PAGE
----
We're unable to sign you in at this time. Please try again in a few minutes.
We were able to sign you in, but your subscription(s) could not be found. Please try again in a few minutes.
There may be a problem with your account. Please contact the AMA Service Center to resolve this issue.
Contact the AMA Service Center:
Telephone: 1 (800) 262-2350 or 1 (312) 670-7827  *   Email: subscriptions@jamanetwork.com
Error Message ......
Perspectives |

Professionalism A Piercing Dilemma FREE

Rebecca Lesto Shunk, MD
[+] Author Affiliations

Department of Medicine, University of California, San Francisco, and San Francisco VA Medical Center, San Francisco.

JAMA Intern Med. 2013;173(6):406. doi:10.1001/jamainternmed.2013.2744.
Text Size: A A A
Published online

While interviewing for a junior faculty position at a very prestigious academic medical center, I attended morning report. I do not remember the clinical case, but the female chief resident who was leading the report made a lasting impression. She was wearing pants and a short top that allowed a belly button ring to be prominently displayed. Maybe management of the case had been superb and the discussion, sublime, but I could not concentrate and began to doubt the caliber of the program. I imagined what kind of trainees would have such little respect for their patients and what kind of faculty (would-be colleagues) would not admonish such attire? Is not the doubt that I felt the same doubt that patients feel when they encounter a health care provider with unprofessional grooming or attire?

While I do not personally have piercings other than in my ears, I do understand there are many who do. Maybe I am old fashioned, but I think the dress and appearance of health care providers should demonstrate professionalism and support a serious and sacred pact with our patients. By dressing and appearing professionally, we validate the significance of the relationship, acknowledging that we are not their barista, but a person to whom the patient entrusts their most private thoughts and concerns.


Correspondence: Dr Shunk, San Francisco VA Medical Center, 4150 Clement St, San Francisco, CA 94121 (rebecca.shunk@va.gov).

Published Online: February 18, 2013. doi:10.1001/jamainternmed.2013.2744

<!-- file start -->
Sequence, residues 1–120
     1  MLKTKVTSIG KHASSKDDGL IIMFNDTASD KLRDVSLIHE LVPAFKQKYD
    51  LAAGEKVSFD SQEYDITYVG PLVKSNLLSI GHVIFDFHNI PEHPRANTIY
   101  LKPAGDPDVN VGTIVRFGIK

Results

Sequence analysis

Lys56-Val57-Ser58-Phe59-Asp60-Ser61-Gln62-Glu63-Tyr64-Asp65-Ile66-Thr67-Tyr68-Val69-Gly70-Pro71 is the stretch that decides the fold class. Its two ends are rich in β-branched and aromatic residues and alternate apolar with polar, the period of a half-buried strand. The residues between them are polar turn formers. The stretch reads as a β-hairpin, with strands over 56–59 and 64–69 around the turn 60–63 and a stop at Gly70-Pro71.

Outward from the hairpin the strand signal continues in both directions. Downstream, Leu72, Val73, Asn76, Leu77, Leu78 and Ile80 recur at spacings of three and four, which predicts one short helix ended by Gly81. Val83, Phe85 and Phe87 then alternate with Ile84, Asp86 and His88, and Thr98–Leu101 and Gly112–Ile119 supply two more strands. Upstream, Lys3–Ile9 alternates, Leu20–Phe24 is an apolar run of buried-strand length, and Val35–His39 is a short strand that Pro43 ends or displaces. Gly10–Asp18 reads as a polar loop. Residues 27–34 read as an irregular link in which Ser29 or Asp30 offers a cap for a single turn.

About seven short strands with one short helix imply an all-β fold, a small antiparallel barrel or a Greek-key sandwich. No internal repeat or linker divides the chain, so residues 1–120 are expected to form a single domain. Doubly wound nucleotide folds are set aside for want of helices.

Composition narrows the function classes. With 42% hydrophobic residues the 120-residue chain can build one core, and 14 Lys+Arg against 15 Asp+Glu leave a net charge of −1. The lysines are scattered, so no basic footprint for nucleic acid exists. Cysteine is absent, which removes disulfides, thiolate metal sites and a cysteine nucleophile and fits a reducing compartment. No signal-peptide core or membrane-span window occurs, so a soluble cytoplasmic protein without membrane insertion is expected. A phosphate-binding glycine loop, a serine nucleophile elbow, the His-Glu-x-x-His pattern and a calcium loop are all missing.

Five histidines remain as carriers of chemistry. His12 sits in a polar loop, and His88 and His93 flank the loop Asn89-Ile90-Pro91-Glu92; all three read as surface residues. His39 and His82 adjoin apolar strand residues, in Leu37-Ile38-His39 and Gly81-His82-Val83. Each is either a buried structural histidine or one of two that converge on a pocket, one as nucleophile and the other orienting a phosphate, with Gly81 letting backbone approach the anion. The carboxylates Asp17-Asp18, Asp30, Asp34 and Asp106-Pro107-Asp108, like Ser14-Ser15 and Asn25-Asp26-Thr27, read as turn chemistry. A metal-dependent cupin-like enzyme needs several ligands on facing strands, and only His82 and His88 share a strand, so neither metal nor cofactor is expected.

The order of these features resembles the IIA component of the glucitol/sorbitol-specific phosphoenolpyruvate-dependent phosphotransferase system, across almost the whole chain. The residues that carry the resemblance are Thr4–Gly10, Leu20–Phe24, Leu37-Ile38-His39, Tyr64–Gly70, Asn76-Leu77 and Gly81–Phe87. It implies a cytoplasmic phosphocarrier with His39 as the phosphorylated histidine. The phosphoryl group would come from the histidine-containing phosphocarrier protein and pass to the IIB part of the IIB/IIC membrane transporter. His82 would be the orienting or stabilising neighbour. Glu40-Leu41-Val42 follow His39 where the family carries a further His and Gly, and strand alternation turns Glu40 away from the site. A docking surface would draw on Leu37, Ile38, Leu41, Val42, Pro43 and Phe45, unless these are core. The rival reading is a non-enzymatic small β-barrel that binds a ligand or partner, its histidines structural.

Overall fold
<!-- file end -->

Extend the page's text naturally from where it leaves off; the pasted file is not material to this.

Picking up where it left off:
Conflict of Interest Disclosures: None reported.





Also Meets CME requirements for:
Browse CME for all U.S. States
Accreditation Information
The American Medical Association is accredited by the Accreditation Council for Continuing Medical Education to provide continuing medical education for physicians. The AMA designates this journal-based CME activity for a maximum of 1 AMA PRA Category 1 CreditTM per course. Physicians should claim only the credit commensurate with the extent of their participation in the activity. Physicians who complete the CME course and score at least 80% correct on the quiz are eligible for AMA PRA Category 1 CreditTM.
Note: You must get at least of the answers correct to pass this quiz.
Please click the checkbox indicating that you have read the full article in order to submit your answers.
Your answers have been saved for later.
You have not filled in all the answers to complete this quiz
The following questions were not answered:
Sorry, you have unsuccessfully completed this CME quiz with a score of
The following questions were not answered correctly:
Commitment to Change (optional):
Indicate what change(s) you will implement in your practice, if any, based on this CME course.
Your quiz results:
The filled radio buttons indicate your responses. The preferred responses are highlighted
For CME Course: A Proposed Model for Initial Assessment and Management of Acute Heart Failure Syndromes
Indicate what changes(s) you will implement in your practice, if any, based on this CME course.


Some tools below are only available to our subscribers or users with an online account.

0 Citations

Related Content

Customize your page view by dragging & repositioning the boxes below.

See Also...
Articles Related By Topic
Related Collections
PubMed Articles

Care at the Close of Life: Evidence and Experience
Professional Identity